Derivation: Energy of the Electric Field

Positive charge - electric field lines

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Let us consider a conducting sphere (e.g. a metal sphere) with radius \(r\). The sphere is charged step by step with small charge portions \(\text{d}Q\) coming from infinity. After the total charge \(Q\) is brought onto the sphere, the sphere produces the following electric potential (we assume this to be known here):

Electric potential of a charge
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The energy \(\text{d}W\) of a charge portion \(\text{d}Q\) brought to the surface of the sphere with potential \(\phi_{\text e}(r) \) is:

Infinitesimal energy depending on the potential at the location of the charge
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Substitute the potential 1 into Eq. 2:

Infinitesimal energy using Coulomb potential
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To get the total energy \(W_{\text{e}}\), we need to integrate the left side of Eq. 3 over the energy from 0 to \(W_{\text{e}}\) and integrate the right side over the charge from \(0\) to \(Q\):

Integral for the total energy of a charged sphere
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Let's integrate the right side:

Total energy of a charged sphere with uninserted integration limits
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Inserting the integration limits results:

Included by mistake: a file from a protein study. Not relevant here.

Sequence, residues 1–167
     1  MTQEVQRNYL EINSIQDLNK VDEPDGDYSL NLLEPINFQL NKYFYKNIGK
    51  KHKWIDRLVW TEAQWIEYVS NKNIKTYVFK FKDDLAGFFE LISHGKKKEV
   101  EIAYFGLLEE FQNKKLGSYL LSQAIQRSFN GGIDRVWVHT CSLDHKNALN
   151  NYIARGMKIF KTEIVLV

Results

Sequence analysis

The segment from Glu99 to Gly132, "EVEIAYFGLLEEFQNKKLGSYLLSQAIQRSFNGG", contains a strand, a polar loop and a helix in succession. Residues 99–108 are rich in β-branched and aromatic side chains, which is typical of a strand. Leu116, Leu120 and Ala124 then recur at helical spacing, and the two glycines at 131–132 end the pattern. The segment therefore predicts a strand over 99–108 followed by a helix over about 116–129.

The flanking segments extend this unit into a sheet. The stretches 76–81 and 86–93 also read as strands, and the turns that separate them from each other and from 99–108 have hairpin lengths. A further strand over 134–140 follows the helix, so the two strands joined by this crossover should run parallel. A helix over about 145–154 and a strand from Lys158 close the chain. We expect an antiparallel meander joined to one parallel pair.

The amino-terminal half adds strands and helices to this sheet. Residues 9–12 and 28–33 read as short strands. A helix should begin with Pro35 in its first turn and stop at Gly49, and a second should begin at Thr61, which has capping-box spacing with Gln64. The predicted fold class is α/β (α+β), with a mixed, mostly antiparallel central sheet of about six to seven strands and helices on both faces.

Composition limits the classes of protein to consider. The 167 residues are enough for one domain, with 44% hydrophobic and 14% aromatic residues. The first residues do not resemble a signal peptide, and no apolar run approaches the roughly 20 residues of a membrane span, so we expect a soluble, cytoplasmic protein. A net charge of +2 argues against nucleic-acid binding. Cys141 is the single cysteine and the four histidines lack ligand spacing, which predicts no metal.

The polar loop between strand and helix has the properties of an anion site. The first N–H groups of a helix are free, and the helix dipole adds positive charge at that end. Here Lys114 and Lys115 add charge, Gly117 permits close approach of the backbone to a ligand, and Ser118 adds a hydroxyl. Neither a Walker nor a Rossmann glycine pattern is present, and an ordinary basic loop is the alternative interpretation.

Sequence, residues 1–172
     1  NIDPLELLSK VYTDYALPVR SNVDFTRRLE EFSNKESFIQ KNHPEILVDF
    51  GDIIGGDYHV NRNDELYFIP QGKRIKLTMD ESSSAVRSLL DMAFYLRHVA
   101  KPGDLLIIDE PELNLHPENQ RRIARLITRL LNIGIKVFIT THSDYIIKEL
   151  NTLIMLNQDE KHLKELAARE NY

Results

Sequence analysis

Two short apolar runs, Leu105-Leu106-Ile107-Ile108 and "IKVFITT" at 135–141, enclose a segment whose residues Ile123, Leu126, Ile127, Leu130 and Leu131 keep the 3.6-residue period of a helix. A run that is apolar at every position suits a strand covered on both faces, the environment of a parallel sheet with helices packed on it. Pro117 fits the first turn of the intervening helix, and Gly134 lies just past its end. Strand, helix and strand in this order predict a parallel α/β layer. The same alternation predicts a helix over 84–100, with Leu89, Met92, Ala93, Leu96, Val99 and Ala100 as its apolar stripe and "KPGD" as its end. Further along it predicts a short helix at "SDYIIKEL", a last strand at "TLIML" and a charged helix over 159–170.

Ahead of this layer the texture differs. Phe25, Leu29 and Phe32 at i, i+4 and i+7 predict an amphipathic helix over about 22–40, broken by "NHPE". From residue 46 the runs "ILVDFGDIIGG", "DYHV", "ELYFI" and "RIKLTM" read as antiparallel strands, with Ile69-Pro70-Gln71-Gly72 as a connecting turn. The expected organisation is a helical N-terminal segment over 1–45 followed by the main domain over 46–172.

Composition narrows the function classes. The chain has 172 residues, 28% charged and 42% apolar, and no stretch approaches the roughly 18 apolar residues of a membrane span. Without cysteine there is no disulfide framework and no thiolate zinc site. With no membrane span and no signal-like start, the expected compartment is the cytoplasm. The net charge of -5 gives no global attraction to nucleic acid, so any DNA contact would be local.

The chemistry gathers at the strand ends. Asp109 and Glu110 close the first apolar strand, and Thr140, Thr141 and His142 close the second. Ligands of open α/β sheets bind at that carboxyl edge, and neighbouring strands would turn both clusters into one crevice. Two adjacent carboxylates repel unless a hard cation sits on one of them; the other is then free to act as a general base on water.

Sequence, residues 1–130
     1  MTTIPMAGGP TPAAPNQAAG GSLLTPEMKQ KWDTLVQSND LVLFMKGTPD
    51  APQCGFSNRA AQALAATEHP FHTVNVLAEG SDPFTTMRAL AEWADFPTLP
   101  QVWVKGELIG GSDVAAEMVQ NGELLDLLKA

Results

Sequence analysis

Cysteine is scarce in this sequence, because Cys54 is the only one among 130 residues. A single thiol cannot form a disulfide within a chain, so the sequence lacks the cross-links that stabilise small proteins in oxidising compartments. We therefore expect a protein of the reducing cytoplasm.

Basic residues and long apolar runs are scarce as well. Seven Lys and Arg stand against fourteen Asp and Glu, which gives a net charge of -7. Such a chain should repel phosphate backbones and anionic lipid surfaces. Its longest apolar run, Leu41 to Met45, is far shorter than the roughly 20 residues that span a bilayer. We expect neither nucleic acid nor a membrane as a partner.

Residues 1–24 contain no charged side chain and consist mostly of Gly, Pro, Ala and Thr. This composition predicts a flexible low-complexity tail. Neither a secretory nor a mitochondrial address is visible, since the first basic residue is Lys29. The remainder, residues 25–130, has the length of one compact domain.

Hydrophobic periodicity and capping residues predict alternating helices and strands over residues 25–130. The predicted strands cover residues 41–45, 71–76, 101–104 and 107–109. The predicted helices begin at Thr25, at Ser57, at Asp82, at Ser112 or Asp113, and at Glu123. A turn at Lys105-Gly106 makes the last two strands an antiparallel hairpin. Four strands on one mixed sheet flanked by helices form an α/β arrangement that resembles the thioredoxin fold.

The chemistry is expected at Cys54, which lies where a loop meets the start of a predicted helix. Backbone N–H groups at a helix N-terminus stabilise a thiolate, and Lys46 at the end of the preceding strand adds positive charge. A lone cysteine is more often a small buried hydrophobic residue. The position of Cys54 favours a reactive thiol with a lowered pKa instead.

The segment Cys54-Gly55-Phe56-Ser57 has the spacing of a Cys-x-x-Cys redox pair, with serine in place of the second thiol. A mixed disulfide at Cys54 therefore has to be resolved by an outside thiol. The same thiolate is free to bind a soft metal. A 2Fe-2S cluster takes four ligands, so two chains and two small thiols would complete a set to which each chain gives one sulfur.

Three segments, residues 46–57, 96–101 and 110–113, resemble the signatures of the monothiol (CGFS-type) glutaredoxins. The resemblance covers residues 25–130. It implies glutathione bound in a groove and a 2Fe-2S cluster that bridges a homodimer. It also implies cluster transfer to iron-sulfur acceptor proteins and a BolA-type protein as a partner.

Electrical energy of a charged sphere
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To eliminate the geometric factor, the radius \(r\), in 7, we replace it with the capacitance \(C = 4\pi\,\varepsilon_0 \, r\) of a sphere:

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Since we have eliminated the radius of the sphere and expressed the energy in terms of the capacitance \(C\), the equation 8 applies not only to a sphere but also to other charged bodies to which a capacitance can be assigned.

Since the charge \(Q\) is not so well accessible experimentally, we can express formula 9 by voltage \(U\). The definition of the capacitance \( C = Q/U \Leftrightarrow Q = C\,U\) is used for this purpose. The we insert \(Q\) in 8:

Electrical energy via voltage
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The assumption that the energy 9 is stored in the electric field can be motivated as follows: Consider a plate capacitor with plate area \(A\) and plate distance \(d\). Let \(U\) be the voltage between the capacitor plates. The electric field \(E\) inside the plate capacitor is given by \( E = U/d \Leftrightarrow U = E\,d\) and the capacitance by \(C = \varepsilon_0 A / d \). (see Derivation). Voltage and capacitance used in 9 results:

Energy via plate capacitor area and E-field not simplified
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Distance \(d\) can be canceled once:

Energy via plate capacitor area and E-field
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Here \( A \, d\) is the volume \(V\) enclosed between the capacitor plates:

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The relation 12 between the energy and the E-field motivates the assumption that the energy \(W_{\text e}\) is stored in the electric field \(E\), which is in the volume \(V\). The energy density \(w_{\text e} = W_{\text e}/V \) of the E-field is then:

Energy density of the electric field
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Note that...

All derived formulas for energy are valid only in vacuum. In order to make them also valid for E-fields in matter, they must be multiplied by the dielectric constant \(\varepsilon_{\text r}\) of the material.

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